The secretary of State-designate, Gen. Alexander Haig Jr. -- who turned to old Democratic friend Joe Califano Jr. for help in his confirmation hearings -- has often used Califano as a sounding board, even during the darkest days of Watergate, according to friends of both men.

In April 1974, for example, Haig -- then chief of staff in Nixon's White House -- was facing a subpoena ordering him to testify before the Senate Watergate Committee.

He called Califano and asked the former Johnson White House tactician to meet him for dinner at the posh French restaurant, Jean-Pierre.

At dinner, Haig asked Califano if he should claim executive privilege. Califano, who at the time numbered The Washington Post among his influential corporate clients, gave Haig some blunt advice: Haig should position himself squarely between the committee and Nixon. If Nixon wanted Haig to claim executive privilege, then let Nixon invoke the privilege for Haig and take the heat for defying the committee, Califano said. That's exactly what happened.

In September 1974, a month after Nixon resigned, Haig again sought out his old friend -- this time for some career counseling.

Haig had four alternatives: he could become NATO commander, become Army chief of staff, work for former New York governor Nelson Rockefeller or write a book.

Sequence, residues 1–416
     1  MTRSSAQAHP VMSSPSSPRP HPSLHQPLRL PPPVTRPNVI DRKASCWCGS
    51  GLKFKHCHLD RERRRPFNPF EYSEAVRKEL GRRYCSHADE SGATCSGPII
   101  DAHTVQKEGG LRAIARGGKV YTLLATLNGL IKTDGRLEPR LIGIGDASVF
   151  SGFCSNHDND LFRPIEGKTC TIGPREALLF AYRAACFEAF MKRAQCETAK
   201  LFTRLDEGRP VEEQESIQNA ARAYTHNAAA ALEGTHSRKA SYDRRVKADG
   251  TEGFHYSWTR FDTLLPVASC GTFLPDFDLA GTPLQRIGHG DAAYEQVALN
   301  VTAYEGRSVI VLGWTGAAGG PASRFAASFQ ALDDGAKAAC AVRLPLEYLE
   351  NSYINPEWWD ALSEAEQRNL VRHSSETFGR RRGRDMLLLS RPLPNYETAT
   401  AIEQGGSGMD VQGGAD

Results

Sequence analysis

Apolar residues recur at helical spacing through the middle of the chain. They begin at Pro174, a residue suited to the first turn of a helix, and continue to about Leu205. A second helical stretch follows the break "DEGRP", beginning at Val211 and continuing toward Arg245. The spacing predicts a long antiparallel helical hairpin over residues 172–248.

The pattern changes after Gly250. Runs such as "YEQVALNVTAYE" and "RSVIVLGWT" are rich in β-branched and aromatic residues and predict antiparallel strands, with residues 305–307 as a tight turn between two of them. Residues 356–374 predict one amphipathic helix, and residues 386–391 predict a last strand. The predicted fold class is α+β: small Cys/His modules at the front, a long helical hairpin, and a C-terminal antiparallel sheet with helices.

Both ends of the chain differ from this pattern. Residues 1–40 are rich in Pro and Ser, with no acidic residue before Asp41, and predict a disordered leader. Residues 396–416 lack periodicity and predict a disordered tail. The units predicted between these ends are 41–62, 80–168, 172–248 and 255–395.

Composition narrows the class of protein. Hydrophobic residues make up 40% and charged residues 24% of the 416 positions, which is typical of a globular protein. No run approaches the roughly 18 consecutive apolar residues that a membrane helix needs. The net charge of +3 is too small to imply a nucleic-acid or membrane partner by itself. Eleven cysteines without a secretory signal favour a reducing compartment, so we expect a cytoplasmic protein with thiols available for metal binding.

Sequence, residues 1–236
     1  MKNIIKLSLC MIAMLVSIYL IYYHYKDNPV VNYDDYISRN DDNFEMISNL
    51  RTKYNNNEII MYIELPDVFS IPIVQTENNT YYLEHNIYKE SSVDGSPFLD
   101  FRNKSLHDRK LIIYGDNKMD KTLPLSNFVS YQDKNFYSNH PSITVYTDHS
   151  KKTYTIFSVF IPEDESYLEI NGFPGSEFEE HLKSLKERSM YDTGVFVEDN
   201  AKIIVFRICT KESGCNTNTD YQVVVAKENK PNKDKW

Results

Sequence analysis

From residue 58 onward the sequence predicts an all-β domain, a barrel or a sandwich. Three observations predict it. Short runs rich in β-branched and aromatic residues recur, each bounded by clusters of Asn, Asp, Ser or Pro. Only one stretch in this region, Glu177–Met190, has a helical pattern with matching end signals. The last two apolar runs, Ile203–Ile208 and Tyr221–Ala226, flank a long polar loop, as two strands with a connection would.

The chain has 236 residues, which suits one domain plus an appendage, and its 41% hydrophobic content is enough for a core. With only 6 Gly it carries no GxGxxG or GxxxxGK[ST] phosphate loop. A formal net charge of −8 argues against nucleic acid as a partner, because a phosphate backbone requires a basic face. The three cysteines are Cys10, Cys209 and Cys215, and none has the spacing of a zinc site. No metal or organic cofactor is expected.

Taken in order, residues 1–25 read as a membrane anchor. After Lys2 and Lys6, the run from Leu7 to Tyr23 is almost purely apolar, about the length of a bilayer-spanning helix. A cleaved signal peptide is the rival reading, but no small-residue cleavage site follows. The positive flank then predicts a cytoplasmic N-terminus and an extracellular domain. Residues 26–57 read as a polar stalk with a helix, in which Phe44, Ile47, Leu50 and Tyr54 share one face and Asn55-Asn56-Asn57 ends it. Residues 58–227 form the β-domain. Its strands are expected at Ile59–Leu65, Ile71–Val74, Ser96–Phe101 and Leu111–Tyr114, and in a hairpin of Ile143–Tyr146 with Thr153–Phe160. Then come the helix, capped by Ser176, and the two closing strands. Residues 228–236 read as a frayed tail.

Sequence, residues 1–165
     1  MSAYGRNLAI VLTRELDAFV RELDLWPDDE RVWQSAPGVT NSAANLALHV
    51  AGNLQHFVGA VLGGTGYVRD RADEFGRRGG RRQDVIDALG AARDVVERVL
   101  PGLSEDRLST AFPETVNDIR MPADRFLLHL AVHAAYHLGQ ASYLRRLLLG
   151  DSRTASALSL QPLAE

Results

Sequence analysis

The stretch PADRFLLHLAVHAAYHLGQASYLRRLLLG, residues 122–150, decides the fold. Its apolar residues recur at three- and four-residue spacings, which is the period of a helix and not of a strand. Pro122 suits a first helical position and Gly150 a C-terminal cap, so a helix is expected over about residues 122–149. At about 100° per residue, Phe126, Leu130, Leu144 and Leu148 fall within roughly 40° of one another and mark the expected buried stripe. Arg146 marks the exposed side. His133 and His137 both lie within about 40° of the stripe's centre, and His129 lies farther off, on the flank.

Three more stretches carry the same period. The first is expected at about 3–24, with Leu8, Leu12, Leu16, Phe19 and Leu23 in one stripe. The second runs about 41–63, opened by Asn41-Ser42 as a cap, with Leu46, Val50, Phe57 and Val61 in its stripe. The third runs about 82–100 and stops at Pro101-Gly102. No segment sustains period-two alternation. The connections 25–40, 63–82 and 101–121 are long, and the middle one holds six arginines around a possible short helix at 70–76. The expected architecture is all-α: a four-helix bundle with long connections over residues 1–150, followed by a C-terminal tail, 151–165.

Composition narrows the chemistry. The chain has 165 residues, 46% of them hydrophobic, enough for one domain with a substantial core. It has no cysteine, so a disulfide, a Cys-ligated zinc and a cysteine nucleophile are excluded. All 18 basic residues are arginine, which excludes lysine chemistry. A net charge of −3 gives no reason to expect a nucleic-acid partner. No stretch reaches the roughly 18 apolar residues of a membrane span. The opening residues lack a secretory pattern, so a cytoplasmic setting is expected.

Califano told Haig to forget about being Army chief of staff because any confirmation hearings could trun into a major reinvestigation of Watergate and of everything Haig had been doing at the White House and as Henry Kissinger's deputy.

Haig disagreed, telling Califano he thought he could get confirmed. Califano later told friends he thought Haig seemed not to understand the political realities. But, as it turned out, Haig apparently heeded Califano's advice and took the job as NATO commander.

The closeness of their relationship is clear from another topic of conversation that September evening, -- just days before President Ford pardoned Nixon.

Haig told Califano that he felt very strongly that Nixon should be pardoned and said he was going to press very hard for it before leaving the White House. "I know you think he's a terrible, terrible person," Haig said. "But unless he is pardoned, he is going to go over the cliff."

Califano argued against any pardon that would precede an indictment and trial of the former president. But Haig continued to lobby for the pardon.

This time Haig is likely to heed Califano's advice. Califano is one of a relative handful of Democrats who emerged from the Carter administration with friends in the Hill. If the general runs into any trouble at the hearings, it will doubtless be from Senate Democrats -- Califano's old buddies.